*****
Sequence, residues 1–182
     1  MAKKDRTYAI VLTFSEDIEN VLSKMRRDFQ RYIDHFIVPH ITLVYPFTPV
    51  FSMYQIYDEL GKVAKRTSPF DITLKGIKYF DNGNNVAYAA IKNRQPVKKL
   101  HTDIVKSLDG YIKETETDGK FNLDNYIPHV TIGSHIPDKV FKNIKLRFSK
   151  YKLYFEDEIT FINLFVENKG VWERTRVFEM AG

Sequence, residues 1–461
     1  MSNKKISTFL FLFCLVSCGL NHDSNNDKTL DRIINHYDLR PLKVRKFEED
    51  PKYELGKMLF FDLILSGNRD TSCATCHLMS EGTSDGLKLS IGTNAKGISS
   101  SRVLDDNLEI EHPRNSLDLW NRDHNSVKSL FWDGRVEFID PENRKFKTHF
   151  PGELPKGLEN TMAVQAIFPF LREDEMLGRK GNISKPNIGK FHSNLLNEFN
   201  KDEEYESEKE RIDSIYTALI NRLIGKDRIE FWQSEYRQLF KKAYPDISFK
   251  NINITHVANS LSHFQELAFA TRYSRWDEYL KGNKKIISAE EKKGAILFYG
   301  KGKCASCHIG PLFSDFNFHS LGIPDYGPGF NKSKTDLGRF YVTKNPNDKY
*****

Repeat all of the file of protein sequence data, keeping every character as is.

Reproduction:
Sequence, residues 1–182
     1  MAKKDRTYAI VLTFSEDIEN VLSKMRRDFQ RYIDHFIVPH ITLVYPFTPV
    51  FSMYQIYDEL GKVAKRTSPF DITLKGIKYF DNGNNVAYAA IKNRQPVKKL
   101  HTDIVKSLDG YIKETETDGK FNLDNYIPHV TIGSHIPDKV FKNIKLRFSK
   151  YKLYFEDEIT FINLFVENKG VWERTRVFEM AG

Sequence, residues 1–461
     1  MSNKKISTFL FLFCLVSCGL NHDSNNDKTL DRIINHYDLR PLKVRKFEED
    51  PKYELGKMLF FDLILSGNRD TSCATCHLMS EGTSDGLKLS IGTNAKGISS
   101  SRVLDDNLEI EHPRNSLDLW NRDHNSVKSL FWDGRVEFID PENRKFKTHF
   151  PGELPKGLEN TMAVQAIFPF LREDEMLGRK GNISKPNIGK FHSNLLNEFN
   201  KDEEYESEKE RIDSIYTALI NRLIGKDRIE FWQSEYRQLF KKAYPDISFK
   251  NINITHVANS LSHFQELAFA TRYSRWDEYL KGNKKIISAE EKKGAILFYG
   301  KGKCASCHIG PLFSDFNFHS LGIPDYGPGF NKSKTDLGRF YVTKNPNDKY